C = Cxistd×Wx(Rx)/ Wistd(Rxistd)

- If all calibration dependencies are linear through origin Q = K×R, it is possible to select multiplication factor so, that Kistd = 1 and we will get relative response factors for all other components.

“Classic” ISTD

- Calibration dependence in coordinates Response Ratio vs. Concentration ratio
- Calibration curve: polynomial, typically straight line through origin
- Prediction: from Response Ratio predict Concentration Ratio
- Peculiarities: no calibration curve for Internal Standard component

Device Drift

- Drift model: R = K×F(Q)
- Drift can be compensated completely, if exists such k, that

K×F(Q)=F(k×Q)

- Particular case: linear through origin calibration; K = k

Conclusions

- ISTD is split in two parts: ISTD quantification (Relative Concentration) and ISTD Calibration. Parts can be applied separately
- Relative Concentration is applicable for both ESTD and “Universal” ISTD calibrations
- Full “Universal” ISTD calibration can be used for both ESTD and ISTD calculations
- Simplified “Universal” ISTD calibration can be used in the case of linear through origin calibrations instead of “Classic” ISTD calibration including imitation of user interface
- Full “Universal” ISTD solution still works where “Classic” already fails, i.e. it allows to get into account wide concentration range of Internal Standard in the case of nonlinear calibrations

Difficulties

- User mind. The more users are used to “Classic” ISTD method, the more difficult it is to change their minds. Typical argument: -“Old approach works. We typically use linear through origin calibrations. Why should we change the way how we work?”.

Peak deconvolution by shape

Peak shape

- Gaussian
- Exponentially modified Gaussian
- Corresponds to reference peak

Tuning, specific to chromatography

- Peak width
- individual for every peak;
- the same for all peaks
- proportional to retention time
- asymmetry of the same sign (2)

Optimization criterion

- quadratic(sum of squares of residuals)
- weighted quadratic (weight = response)

EMG peak shape analysis

Problems: product of zero to infinity for some range of parameters

Solution:

or “standard” Gaussian function, depending on parameter values

Fourier-domain periodic noise filtration

- Median filter in Fourier space

Multichannel chromatogram questions

- Which channel is better?
- How to detect peaks?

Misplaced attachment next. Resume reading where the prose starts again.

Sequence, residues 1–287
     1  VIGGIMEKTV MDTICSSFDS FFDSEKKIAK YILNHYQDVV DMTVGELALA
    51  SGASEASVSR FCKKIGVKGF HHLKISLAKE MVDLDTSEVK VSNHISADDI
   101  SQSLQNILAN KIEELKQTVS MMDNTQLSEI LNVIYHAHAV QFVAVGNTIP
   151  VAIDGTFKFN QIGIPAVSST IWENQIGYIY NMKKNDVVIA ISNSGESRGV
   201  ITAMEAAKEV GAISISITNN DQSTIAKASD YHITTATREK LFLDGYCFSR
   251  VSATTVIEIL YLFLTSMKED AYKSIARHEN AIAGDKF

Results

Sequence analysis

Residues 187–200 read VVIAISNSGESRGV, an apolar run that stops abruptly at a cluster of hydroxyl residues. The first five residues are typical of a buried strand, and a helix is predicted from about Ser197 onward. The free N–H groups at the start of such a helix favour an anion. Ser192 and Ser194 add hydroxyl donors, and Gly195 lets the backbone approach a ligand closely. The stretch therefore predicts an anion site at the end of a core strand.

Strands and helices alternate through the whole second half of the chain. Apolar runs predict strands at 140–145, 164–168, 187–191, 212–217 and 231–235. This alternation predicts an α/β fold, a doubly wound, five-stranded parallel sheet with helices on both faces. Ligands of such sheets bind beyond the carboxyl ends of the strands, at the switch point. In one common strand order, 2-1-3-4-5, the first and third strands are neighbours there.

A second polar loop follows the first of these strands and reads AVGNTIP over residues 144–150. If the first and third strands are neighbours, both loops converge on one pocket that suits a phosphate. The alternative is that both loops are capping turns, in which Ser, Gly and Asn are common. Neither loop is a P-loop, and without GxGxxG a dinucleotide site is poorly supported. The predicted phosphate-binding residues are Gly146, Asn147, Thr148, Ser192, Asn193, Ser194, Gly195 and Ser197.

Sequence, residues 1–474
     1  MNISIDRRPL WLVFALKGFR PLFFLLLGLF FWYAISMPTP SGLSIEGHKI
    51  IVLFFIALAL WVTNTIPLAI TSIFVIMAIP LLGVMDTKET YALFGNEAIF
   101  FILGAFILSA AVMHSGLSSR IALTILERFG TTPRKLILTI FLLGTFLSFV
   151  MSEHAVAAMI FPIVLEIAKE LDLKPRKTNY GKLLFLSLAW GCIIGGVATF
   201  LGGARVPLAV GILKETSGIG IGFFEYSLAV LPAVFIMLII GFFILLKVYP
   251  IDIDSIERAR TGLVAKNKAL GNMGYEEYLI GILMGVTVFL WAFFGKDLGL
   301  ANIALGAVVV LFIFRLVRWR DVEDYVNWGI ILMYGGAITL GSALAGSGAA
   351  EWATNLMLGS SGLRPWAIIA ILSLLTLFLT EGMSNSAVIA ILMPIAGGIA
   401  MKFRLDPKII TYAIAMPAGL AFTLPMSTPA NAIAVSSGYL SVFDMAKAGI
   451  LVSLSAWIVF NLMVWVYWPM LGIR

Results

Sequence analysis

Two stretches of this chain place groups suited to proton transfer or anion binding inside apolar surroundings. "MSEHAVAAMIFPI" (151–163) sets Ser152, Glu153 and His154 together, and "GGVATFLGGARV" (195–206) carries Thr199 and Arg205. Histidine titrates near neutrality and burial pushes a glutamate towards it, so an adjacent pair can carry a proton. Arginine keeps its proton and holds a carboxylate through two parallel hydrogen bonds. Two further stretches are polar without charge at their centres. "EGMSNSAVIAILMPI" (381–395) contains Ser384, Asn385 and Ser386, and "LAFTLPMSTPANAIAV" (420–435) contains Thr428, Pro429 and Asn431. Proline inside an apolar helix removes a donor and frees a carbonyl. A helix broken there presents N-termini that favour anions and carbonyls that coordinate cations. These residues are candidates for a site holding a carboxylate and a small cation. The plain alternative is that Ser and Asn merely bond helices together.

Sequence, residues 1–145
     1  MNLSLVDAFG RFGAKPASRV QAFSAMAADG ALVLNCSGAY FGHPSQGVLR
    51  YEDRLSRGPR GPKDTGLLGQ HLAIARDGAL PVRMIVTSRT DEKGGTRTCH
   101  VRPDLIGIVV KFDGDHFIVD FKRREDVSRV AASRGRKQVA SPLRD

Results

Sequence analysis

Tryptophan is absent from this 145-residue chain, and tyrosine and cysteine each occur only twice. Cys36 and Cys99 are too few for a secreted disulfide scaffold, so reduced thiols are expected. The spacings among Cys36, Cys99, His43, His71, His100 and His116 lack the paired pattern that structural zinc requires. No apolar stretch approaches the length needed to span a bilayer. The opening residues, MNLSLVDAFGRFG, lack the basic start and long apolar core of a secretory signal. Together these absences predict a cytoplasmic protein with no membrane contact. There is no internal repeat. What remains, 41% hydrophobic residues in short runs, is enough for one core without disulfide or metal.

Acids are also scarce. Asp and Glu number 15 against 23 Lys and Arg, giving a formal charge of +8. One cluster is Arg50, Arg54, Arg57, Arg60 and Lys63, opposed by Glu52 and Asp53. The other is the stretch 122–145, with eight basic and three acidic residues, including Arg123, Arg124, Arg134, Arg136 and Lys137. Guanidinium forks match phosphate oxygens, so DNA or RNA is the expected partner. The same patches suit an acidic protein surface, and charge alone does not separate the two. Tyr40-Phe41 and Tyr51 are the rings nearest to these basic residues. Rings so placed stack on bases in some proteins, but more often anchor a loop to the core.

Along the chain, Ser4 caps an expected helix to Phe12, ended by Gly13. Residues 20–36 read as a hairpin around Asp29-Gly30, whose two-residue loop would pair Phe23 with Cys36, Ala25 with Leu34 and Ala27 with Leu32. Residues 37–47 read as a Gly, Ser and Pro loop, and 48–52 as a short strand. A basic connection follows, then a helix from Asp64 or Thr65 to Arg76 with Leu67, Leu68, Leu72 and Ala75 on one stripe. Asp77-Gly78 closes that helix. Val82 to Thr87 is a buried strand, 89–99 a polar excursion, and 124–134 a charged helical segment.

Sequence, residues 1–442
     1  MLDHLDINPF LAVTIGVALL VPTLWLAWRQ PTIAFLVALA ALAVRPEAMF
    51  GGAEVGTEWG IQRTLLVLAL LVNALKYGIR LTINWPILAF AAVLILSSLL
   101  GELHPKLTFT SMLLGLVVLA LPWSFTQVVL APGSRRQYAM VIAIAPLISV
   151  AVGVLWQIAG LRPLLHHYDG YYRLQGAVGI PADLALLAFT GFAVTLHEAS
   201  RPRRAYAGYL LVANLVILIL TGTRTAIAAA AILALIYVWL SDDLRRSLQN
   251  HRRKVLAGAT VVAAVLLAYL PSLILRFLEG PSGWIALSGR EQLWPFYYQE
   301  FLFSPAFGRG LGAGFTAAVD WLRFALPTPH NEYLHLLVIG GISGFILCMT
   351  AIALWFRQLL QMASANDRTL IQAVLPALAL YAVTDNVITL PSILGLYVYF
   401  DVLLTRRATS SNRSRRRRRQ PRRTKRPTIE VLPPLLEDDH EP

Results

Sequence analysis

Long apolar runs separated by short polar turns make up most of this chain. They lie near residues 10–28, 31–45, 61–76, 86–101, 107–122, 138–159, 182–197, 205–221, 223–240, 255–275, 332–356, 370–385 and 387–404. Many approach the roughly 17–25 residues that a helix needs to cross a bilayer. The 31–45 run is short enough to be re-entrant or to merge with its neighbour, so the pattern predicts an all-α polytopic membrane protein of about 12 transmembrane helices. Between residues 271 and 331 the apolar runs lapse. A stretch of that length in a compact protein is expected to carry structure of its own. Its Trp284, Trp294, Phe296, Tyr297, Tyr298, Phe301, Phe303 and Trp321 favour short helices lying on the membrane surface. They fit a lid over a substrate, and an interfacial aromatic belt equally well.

- How to identify peaks?
- How to access substance purity?

Multichannel chromatogram answers

- Calculated channels
- Using weighted PCR: Noise-normalized detector response space for spectra comparison
- Measure of difference for spectra: angle
- “Local” spectrum quality: angle with neighbors
- Factor analysis with missing (overloaded) points allowed
- Qualitative and quantitative spectra comparison

Weighted PCA

- Channel weighting
- Point weighting

Calculated channels Summary.

Types of Calculated channels:

- Total
- Average
- Difference
- Integral
- Derivative - up to 3-rd order
- Angle
- «Response/Time» channel
- Spectral ratio channel

Step 2:

Performing recognition.

Step 3:

Conflicts resolving.

Step 4:

View and print report.

Calculated channels in “Chrom&Spec”. Summary.

Types of Calculated channels:

- Total
- Average
- Difference
- Integral
- Derivative - up to 3-rd order
- Angle
- «Response/Time» channel
- Spectral ratio channel

Factor analysis example.

Picture shows the “sum of s/n” channel of multi-channel chromatogram.

Usual peak-detection procedure failed to resolve peaks.

What about factor analysis?

Factor analysis. Step 1.

Software makes PCR of the region selected and suggests number of components in the analyzed region (Rank).

Overlapping only 2 peaks means that software does not look for overlapping of 1st and 3rd components, only 1st and 2nd and then 2nd and 3rd.

Factor analysis. Step 2

On the left panel we can choose any channel to view peak deconvolution results.

Rotation is selected using “local purity” attribute, resulting in “Pure component” approach

Factor analysis. Step 3

The resolved peaks are displayed together with the original channel.

The chromatogram with additional newly generated channels can be saved into separate file. Each generated channel represents the detector response, corresponded to particular component.

When user finishes the wizard, the original peak is split in the proportions, corresponding to component’s fractions.